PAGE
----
Half-Marathon Finishing Times

After completing the training period, the mean finishing time obtained in the half-marathon by the whole group (i.e., irrespective of the training schedule) showed a non-significant (P = 0.085) improvement (Table 1). The previous finishing times were obtained in the half-marathon held 10 months before in Granollers (Spain, 41°36’30” N, 2°17’20” E), with a similar profile, 145 m of elevation and similar weather conditions. This improvement consisted of a 2.4% reduction compared to the mean of previous finishing times, indicating a decrease of 3 min and 10 s compared to the mean of previous finishing times. However, when the data were analyzed by considering the training programs separately, the MICT and HIIT groups behaved differently.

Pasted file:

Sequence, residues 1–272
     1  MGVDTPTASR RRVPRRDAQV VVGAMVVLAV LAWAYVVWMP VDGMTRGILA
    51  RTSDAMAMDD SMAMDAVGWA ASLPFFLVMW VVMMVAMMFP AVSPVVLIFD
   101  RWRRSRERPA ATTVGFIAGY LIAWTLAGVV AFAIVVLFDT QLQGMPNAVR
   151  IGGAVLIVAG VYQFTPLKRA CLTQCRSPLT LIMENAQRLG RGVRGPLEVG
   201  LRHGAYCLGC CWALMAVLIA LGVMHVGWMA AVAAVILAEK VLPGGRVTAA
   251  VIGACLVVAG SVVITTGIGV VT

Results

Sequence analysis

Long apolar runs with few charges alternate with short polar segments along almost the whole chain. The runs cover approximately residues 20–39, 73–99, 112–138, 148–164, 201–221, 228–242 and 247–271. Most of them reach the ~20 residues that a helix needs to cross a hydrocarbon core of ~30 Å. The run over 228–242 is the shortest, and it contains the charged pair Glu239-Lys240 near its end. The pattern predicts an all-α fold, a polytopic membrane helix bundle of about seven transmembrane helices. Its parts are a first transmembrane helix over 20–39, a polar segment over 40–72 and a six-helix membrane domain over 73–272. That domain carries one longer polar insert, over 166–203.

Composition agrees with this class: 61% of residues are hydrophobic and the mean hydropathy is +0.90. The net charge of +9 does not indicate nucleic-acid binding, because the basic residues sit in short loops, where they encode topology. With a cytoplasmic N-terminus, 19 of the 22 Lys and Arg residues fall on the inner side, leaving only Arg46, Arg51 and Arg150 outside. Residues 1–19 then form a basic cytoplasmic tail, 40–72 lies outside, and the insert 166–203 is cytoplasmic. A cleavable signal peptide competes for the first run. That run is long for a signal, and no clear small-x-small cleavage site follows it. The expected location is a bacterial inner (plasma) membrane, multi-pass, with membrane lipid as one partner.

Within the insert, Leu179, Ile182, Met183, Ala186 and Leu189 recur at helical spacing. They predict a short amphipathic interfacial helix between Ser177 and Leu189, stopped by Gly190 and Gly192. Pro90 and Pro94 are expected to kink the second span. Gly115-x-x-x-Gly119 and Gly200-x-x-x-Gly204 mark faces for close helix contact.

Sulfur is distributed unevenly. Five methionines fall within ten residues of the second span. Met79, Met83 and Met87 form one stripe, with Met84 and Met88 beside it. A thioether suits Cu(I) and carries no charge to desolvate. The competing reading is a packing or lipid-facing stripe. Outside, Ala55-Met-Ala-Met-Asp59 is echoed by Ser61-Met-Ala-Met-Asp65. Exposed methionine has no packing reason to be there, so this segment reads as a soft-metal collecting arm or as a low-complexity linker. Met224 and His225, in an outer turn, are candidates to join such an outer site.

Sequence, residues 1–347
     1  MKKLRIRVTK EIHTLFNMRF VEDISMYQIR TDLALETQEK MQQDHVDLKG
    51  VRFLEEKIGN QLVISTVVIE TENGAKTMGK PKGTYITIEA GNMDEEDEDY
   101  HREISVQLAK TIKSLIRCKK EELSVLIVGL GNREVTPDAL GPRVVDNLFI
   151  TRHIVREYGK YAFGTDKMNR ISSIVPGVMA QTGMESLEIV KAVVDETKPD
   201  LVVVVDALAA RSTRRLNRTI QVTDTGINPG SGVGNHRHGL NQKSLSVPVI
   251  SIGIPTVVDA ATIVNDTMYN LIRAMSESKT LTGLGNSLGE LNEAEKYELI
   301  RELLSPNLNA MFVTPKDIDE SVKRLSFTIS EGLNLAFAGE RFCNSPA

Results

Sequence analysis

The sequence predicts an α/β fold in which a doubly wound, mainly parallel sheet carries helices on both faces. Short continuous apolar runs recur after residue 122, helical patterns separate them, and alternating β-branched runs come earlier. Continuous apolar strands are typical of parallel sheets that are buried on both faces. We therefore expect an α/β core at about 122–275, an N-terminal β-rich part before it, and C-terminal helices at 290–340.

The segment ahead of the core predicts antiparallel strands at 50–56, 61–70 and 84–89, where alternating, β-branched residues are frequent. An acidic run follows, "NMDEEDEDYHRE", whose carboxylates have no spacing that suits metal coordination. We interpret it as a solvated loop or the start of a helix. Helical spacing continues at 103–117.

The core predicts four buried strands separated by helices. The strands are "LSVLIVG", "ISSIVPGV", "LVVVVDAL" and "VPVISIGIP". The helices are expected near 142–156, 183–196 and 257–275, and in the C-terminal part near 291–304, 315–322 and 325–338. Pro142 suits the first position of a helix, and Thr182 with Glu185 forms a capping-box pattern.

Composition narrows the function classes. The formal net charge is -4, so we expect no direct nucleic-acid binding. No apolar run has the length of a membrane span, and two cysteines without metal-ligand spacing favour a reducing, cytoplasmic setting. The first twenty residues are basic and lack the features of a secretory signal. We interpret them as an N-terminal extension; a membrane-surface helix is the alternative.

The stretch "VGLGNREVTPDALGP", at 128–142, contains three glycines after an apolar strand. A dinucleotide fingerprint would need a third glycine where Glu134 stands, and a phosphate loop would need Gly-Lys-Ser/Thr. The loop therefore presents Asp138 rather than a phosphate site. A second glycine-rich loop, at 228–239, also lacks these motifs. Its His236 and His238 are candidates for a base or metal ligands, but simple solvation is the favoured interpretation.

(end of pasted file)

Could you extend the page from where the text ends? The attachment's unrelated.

The MICT group showed a non-significant (P = 0.298) 2.9% reduction compared to its mean of previous finishing times (Table 1), indicating that it took them 3 min 50 s less to complete the half-marathon compared to previous times. The times before and after the training program showed a similar intragroup variability (CV∼7%), with more than a 9-min difference in the range of the times obtained in the half-marathon after the training protocol. Among the women that followed this training program, three did not improve on their previous finishing times, while another three achieved a time reduction greater than 10% (Figure 1A). Thus, regarding their response to the MICT program, the participants were classified into three categories showing significant differences (F = 159.9, P < 0.001) in their mean finishing times: (i) three subjects were high responders, with a mean time reduction of 15 min; (ii) four subjects could be considered normal responders, achieving a mean decrease in their finishing time of 2 min 26 s; and (iii) three subjects were non-responders, increasing on their mean previous finishing time by 5 min 31 s.